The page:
Haig and Kitchener in Twentieth-Century Britain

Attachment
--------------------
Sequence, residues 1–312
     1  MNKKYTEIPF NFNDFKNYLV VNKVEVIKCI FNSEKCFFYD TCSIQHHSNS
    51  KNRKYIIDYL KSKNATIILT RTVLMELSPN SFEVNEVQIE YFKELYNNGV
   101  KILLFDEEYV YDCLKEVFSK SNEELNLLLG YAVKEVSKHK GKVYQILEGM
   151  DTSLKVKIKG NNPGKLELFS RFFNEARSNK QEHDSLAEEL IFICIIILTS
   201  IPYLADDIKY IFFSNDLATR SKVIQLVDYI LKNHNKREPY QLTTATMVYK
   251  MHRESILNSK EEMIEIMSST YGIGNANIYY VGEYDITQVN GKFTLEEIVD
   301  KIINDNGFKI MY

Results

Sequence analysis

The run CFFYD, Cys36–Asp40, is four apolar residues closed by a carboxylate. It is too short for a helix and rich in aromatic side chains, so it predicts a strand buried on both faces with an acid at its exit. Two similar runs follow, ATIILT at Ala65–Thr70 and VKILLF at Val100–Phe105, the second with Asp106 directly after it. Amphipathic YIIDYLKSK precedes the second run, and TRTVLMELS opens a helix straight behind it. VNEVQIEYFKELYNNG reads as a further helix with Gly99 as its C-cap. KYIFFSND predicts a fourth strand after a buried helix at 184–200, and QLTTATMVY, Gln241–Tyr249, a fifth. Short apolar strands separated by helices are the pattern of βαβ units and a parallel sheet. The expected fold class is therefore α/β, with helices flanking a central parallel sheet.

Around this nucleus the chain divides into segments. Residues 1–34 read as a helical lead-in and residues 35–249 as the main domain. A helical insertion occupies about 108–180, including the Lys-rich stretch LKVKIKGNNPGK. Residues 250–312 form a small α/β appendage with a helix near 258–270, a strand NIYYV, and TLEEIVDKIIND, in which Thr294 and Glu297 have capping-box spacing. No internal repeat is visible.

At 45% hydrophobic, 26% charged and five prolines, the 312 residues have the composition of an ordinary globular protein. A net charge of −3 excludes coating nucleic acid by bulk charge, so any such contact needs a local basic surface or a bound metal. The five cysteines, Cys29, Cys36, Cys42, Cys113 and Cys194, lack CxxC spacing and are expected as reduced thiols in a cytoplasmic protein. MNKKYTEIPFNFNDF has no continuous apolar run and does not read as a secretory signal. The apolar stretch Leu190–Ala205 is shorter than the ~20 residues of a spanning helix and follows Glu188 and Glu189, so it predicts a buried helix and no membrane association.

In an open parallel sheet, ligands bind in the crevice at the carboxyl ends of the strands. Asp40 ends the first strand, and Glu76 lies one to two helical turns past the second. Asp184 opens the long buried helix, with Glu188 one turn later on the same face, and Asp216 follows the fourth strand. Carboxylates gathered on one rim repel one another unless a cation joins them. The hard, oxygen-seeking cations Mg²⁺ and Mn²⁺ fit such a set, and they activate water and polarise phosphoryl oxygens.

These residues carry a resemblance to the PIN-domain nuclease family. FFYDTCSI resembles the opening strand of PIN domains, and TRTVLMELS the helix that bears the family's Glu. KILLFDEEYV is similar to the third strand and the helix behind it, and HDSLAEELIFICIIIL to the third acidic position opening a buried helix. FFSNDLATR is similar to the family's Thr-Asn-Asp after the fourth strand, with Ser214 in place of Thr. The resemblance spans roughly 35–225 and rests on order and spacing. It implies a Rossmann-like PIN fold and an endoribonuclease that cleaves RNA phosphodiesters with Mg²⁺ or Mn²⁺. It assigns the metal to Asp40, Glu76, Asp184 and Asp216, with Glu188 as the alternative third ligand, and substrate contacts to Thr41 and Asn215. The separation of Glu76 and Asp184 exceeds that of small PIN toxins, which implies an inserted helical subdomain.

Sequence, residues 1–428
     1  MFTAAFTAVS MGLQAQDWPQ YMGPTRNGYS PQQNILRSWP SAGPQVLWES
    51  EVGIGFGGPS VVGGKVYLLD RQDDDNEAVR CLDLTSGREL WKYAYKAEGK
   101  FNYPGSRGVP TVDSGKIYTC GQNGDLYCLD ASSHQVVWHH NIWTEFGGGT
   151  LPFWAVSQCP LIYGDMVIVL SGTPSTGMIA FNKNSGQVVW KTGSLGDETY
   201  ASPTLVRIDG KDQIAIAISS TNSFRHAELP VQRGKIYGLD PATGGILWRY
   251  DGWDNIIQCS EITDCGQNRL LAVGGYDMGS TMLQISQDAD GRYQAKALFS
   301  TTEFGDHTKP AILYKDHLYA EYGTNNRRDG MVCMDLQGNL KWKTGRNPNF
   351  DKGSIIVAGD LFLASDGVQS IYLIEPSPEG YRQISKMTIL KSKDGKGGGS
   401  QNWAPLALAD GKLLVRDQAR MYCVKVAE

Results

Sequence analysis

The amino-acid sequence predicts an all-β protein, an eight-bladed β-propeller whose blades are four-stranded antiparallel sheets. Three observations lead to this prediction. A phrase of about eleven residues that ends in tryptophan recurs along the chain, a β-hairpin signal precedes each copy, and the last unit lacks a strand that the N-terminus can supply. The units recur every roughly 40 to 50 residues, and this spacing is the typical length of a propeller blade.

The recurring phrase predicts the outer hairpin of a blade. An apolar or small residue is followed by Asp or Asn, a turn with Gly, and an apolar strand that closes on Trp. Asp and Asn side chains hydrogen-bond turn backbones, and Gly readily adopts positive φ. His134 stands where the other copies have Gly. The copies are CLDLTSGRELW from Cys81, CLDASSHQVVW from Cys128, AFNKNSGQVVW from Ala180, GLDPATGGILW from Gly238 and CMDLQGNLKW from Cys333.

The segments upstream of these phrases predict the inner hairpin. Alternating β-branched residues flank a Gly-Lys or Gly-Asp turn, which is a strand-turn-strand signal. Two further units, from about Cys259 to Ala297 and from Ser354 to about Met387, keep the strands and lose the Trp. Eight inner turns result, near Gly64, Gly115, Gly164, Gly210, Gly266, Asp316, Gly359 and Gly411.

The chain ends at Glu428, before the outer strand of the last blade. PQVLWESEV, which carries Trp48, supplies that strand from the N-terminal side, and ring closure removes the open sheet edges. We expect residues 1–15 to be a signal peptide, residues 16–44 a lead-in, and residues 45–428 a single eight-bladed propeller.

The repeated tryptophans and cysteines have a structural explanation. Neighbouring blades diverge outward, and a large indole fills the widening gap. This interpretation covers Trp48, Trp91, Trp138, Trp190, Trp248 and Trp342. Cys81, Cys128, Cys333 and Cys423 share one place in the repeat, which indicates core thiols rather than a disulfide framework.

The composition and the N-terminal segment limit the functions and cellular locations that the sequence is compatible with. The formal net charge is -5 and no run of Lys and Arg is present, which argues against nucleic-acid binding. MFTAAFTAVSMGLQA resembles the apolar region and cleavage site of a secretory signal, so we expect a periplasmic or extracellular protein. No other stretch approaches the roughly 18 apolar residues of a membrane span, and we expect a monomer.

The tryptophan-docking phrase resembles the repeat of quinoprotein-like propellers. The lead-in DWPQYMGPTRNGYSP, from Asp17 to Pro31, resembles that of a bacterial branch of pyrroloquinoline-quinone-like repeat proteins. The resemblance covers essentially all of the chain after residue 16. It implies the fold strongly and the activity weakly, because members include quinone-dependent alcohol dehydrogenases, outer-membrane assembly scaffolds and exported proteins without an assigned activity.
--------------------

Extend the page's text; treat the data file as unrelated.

Lord Kitchener and Lord Haig are two monumental figures of the First World War. Their reputations, both in their lifetimes and after their deaths, have been attacked and defended, scrutinized and contested. The material representations of Haig and Kitchener were shaped, used and manipulated for official and popular ends by a variety of groups at different times during the twentieth century. The purpose of this study is not to discover the real individual, nor to attack or defend their reputations, rather it is an exploration of how both men have been depicted since their deaths and to consider what this tells us about the nature and meaning of First World War commemoration.